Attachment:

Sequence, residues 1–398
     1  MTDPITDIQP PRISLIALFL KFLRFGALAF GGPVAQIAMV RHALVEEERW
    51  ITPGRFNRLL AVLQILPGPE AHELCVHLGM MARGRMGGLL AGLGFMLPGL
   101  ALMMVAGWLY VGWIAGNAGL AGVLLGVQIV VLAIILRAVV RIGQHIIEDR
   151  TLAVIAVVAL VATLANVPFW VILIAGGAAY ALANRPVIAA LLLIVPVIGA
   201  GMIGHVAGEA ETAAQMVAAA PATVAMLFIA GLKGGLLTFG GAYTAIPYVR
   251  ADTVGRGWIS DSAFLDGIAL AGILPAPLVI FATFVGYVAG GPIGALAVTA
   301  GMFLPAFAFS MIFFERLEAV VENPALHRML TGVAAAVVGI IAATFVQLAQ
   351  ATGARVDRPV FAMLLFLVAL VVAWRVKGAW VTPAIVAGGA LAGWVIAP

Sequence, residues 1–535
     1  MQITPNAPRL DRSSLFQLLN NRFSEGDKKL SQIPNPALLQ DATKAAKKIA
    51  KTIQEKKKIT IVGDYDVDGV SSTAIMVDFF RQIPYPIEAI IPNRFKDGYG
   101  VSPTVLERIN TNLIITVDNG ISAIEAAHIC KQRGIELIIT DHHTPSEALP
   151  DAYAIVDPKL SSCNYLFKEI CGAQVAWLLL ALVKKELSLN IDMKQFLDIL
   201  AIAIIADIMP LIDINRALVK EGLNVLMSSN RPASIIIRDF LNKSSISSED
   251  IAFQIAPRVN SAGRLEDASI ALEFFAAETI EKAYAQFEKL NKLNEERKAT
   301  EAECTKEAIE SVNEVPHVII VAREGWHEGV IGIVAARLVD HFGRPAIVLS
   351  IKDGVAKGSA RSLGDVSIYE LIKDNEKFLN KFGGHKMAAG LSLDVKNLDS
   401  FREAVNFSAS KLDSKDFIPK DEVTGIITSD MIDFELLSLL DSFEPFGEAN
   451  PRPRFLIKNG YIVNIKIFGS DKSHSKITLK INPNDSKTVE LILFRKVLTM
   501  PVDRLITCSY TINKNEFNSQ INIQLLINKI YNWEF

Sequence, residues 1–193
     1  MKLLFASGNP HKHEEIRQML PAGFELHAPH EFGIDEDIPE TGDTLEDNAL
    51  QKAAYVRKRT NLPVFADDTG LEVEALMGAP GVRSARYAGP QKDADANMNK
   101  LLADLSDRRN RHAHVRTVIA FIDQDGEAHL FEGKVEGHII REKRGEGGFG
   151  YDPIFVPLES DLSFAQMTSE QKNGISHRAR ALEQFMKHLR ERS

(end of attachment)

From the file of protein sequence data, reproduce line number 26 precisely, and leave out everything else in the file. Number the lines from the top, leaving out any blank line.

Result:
   151  YDPIFVPLES DLSFAQMTSE QKNGISHRAR ALEQFMKHLR ERS